One of the points that Janet Reno was making is that we're thinking about independence and accountability the wrong way, that there's actually something to be said in these high-profile investigations for having someone who was appointed by the president, who was confirmed by the Senate, and who is responsible for the Department's difficult decisions to actually make all of the important decisions. And as it's come to be, the special counsel under the regulations, like the independent counsel under the statute, has the effective power in the relationship. And so the attorney general really isn't accountable. And I've even come to think that attorneys general tend to hide behind special counsels a little bit. They can appoint special counsels and encourage them to do things that the attorney general thinks maybe he or she couldn't do or couldn't do as effectively. But I think that shows, that really just underscores that the attorney general shouldn't be giving away that power, authority, and responsibility.

Matt Gluck

And Ben, you had a conversation in 2018 with Ken Starr during which Ken said, that this accountability problem had largely been solved, or at least greatly improved, by the new special counsel regulations. And I'm quoting, he said that, “People can be confident that Mueller wouldn't go wildly astray because we know that he's checked under these regulations by Rod Rosenstein.” So what about that was off? I think many people held that view at the time before the Mueller report came out. But what has changed in the last five years that has mostly proven that wrong, or at least undermined it to an extent?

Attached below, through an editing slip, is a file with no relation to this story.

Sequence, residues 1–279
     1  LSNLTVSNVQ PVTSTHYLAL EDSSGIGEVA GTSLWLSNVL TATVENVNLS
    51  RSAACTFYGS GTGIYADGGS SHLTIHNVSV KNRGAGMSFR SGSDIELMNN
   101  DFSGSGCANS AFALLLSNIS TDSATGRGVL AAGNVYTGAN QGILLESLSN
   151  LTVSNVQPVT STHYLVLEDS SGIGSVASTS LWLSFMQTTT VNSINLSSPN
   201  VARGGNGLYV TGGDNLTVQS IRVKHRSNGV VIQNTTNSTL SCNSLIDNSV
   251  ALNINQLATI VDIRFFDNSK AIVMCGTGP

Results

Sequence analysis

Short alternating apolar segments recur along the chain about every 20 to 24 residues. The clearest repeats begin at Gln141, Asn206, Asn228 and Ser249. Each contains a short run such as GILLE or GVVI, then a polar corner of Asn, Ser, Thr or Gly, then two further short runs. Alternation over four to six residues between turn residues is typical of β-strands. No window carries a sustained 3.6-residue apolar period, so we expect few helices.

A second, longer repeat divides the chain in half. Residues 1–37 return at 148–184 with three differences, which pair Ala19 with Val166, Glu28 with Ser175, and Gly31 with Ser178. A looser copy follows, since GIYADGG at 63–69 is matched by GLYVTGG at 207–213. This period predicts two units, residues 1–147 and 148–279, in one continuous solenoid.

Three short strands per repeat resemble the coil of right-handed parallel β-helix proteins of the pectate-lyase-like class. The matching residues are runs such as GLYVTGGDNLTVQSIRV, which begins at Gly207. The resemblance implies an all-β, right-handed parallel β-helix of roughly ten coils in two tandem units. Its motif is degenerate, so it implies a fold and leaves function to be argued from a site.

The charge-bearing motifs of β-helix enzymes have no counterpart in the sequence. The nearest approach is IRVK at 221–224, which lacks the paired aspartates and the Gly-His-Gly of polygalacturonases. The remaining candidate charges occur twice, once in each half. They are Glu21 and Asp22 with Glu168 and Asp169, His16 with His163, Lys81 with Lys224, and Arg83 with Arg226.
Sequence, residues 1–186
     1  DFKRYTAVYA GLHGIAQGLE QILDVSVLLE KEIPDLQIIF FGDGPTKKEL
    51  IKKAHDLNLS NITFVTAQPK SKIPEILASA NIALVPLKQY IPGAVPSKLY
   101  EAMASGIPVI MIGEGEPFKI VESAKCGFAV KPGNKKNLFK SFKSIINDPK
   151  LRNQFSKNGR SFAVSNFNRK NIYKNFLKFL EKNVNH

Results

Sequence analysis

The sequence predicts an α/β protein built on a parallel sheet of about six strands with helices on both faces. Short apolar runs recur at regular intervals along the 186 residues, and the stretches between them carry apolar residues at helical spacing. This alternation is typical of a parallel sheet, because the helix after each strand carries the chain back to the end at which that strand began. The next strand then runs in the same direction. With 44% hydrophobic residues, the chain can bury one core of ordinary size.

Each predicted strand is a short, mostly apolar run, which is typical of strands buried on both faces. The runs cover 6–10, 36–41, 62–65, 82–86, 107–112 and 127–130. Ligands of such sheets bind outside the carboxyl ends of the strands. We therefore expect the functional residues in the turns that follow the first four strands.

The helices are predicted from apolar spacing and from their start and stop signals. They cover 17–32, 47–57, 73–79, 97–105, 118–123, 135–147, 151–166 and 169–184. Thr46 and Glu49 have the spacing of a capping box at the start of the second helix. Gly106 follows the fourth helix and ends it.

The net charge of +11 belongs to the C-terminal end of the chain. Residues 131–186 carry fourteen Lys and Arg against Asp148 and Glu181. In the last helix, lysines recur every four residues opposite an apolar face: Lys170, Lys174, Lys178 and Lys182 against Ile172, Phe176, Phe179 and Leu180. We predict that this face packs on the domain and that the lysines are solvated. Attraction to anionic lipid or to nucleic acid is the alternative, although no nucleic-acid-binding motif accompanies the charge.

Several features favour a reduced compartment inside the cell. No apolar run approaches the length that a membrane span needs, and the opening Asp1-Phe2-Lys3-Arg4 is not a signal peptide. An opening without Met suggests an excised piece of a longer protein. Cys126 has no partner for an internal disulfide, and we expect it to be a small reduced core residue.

Benjamin Wittes

Well, so one of course was the outcome of the Mueller investigation, which proved Jack correct and Ken wrong. Of course, Jack has the advantage of hindsight, which Ken did not have. But look, if you're a defender of Donald Trump, Bob Mueller wrote this huge report that contained all kinds of, it's facts, but it's a huge amount of insinuation about criminal conduct. And then right at the point at which he's supposed to do a particular job, which is make a prosecutorial decision, he says, I'm not going to make a prosecutorial decision. And so that is a very untraditional behavior, whether you think it's defensible or not defensible. So, from staying within normal bounds, that, it didn't work for that.

But then, the other side didn't work either, which is that if you're somebody who doesn't trust Bill Barr, Bill Barr in fact meddled with the outcome of the Mueller investigation, and he did it both in a substantive sense, which is Muller made a decision to leave this question open, presumably for the next administration, and Barr resolved the question, which is of course exactly what Jack argues should happen, but it's not what's supposed to happen really under these regs. It's what Jack thinks, and I agree, should happen in general.

And so whatever point of view you look at the Mueller investigation from, Ken Starr is wrong. It didn't provide for accountability, and it didn't provide for staying within Justice Department norms. And I think the point that Jack makes, that these are flip sides of the same coin, is exactly right.

Matt Gluck

Chuck, in 2022, when you were discussing Jack Smith's appointment as special counsel, you discussed this alternate model that Merrick Garland could have used to appoint Smith. Could you describe that model and whether it would solve some of the problems that we've discussed today or not?

Chuck Rosenberg

Sure. Now, first let me say, I think the way to solve this problem, to the extent anyone can solve this problem, again, is to let the Department of Justice handle complex cases in the normal course, right? Trust the career men and women to do investigations and make prosecutive judgments, and don't dump reports into the public domain when you decline to prosecute. But I do think there was a hybrid model. Jim Comey was the acting attorney general for an investigation that involved the disclosure of a CIA intelligence officer's identity. Her name was Valerie Plame and Hur identity was leaked, apparently in political retribution. And the way Jim Comey approached it, I thought, was both interesting and better than either the independent counsel statute or the special counsel regulations.